• “we are demonstratively less safe”
      Unless you mean the increasing number of dangerous Highway 400 drivers, pedestrians who don’t ever look, or overly bright and blinding oncoming headlights, I don’t feel it. Demonstration, please.

      “share our core Canadian values and not try to change them”
      I’ll paraphrase from what I heard on a comedy show on that dastardly disseminator of threatening thougts, the CBC: a famous Canadian value (that was apparently changed by some slip-ins), where dudes from overseas came and took over previously-occupied land, caused illness and death, put innocent and unsuspecting people on reserves and in residential schools. Ya, that’s a good one to support, eh!? Was it on the checklist at the time?

      The whole notion of a test for values is logically unsupportable. It’s conceptualized by the authors of such bumper stickers as “stand behind our troops or feel free to stand in front of them”. Seriously? Do you mean what you write? Ah, I recall it well now: “Either you are with us, or you are with the terrorists”. Damn. I’d rather we not think like that. Or is such stuff published just to get a rise out of folks via a pre-eminent spot behind the keyboard? It’s because we haven’t had such “tests” that we have what we have here. Too bad you can’t cast for The Donald up here, eh?

      This kind of attitude doesn’t “shock the hell out of me”, it scares the hell out me.

      “we have the right and the responsibility to stand up and defend them [core values as Canadians]”. Thanks. Done (whatever “they” are).

  11. I think that immigration is not the solution in the first place.
    There are millions, maybe billions, of people who cannot find a meaningful and successful life in their home country for whatever reasons. We cannot “immigrate them out” in big enough numbers to make any material difference to their homeland situation. The numbers just don’t work and if you think the 25,000 or so we took this last year in Canada actually made any difference “back home” you are sadly disillusioned.
    Besides, the culture change for the immigrant is huge and it takes a lot of time for them to integrate into a new society, even with a lot of help.
    A better long term solution is needed and high on the list would be to try to fix the situation that is causing the immigration rush.
    A second step that needs to be discussed seriously is to somehow reduce the world’s population as there are just too many people for the situation to be sustainable, long term. This does not have to mean something like a second Hitler with gas chambers. Merely limiting the number of children per couple would painlessly cause the population to start to fall fairly quickly and then there would be enough resources that a lot of wars would become unnecessary, heck we might even be able to prevent this tragic waste of lives and resources and get on with building a better life for a more manageable number of people, one that might last and not destroy our Earth in the process.
    Advancing technology helps us do more with less of course but it also makes our society more dependent on that very technology, and thus more “fragile” and prone to sudden disasters if anything at all goes wrong and anyone who has a Hydro One account knows how well this technology works!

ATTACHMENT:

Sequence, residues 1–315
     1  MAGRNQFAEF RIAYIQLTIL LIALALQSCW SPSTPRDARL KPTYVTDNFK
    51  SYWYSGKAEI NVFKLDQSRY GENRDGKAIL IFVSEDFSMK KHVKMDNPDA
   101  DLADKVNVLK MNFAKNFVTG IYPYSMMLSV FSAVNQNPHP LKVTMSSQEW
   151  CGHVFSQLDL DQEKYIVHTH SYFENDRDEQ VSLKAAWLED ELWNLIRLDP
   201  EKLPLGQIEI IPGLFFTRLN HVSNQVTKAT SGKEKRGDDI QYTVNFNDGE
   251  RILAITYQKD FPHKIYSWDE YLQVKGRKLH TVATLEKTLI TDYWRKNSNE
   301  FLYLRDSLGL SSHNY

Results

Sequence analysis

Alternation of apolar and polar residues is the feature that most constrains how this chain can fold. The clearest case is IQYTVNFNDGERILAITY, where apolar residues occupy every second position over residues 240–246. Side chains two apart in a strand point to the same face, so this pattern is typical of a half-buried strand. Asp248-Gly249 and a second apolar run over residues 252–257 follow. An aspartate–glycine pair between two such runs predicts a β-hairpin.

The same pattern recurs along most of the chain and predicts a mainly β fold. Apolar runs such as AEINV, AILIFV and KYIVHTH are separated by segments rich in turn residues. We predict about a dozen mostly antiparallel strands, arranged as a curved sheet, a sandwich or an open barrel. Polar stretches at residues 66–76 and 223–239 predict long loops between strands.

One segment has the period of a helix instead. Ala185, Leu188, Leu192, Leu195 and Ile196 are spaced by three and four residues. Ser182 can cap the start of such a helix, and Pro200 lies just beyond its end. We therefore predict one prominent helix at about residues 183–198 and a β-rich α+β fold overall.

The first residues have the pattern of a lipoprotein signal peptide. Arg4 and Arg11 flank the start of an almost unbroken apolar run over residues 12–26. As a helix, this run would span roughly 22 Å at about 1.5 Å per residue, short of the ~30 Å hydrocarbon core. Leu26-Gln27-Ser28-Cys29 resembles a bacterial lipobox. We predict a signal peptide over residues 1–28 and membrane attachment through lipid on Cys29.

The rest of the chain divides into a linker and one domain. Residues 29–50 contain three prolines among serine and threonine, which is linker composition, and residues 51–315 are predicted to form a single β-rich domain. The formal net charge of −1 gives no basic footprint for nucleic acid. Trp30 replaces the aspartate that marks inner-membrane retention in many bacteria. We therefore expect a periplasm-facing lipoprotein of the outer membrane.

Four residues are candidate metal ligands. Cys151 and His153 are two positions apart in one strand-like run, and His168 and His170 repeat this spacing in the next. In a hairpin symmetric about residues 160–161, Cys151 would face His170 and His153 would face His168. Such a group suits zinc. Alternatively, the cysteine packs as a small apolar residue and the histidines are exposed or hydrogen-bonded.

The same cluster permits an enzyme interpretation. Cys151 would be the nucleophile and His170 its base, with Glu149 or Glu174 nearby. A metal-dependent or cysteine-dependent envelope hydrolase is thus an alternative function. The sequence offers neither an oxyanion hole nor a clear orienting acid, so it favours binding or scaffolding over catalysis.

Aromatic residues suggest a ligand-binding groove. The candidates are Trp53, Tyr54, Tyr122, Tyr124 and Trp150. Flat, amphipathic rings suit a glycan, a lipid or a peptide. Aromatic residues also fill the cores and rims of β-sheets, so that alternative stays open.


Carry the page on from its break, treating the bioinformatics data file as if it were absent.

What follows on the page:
Just talking and thinking points.

  12. As a reasonably intelligent individual, I have consistently spoken out against 9/11 as an Islamic terrorist attack. In fact, the collapse of the Twin Towers resembled identically any time-lapse film of the planned detonation of any large building. It was a very handy happenstance; in that it reinforced the waning public appetite for a war against Iraq, kept the U.S. close to the oil wells, and allowed them to stay indefinitely (supposedly searching for non-existent WMD’s). Is everybody too naïve to realize the lengths that the President (urged on by the political right, the arms industry, the military, and the economic indicators of the time) would go? Churchill let thousands die in W.W.II, rather than let the Germans know that their code was broken: Any comparison between him and Dubya is ludicrous, so please do not give George a pass.

    My memories do not go back much further than the Kennedy administration, but was not the Bay of Pigs invasion an attempt to assassinate Castro, and bring the Nuclear Clock back from 11:59? And as soon as Kennedy came out for ending the Vietnam War, he was assassinated himself (from the grassy knoll as shown in the Zapruder film). He was summarily replaced by Johnson, who said all the right things, but secretly supported the war (and the arms industry). The C.I.A. were created specifically as a covert operation (with deniability) to prop up dictators around the world, who were U.S. puppets, and to replace ones not sympathetic to America.

    Being comforted by the existence of “U.S. Intelligence” (the ultimate oxymoron) is patently absurd. We are all immigrants; so being here longer makes us “more equal” than the present and future immigrants? What a xenophobic attitude! I would no more require screening with respect to tolerance of other religions, cultures and sexual orientations than I would screen out political candidates on the basis of their various intolerances. Do new immigrants embrace Canadian freedoms? Most are escaping a lack of most of those freedoms at home, so an affirmative answer is a given.

    Being “holier than thou” is discriminatory: Whatever happened to “there, but for the grace of God, go I”?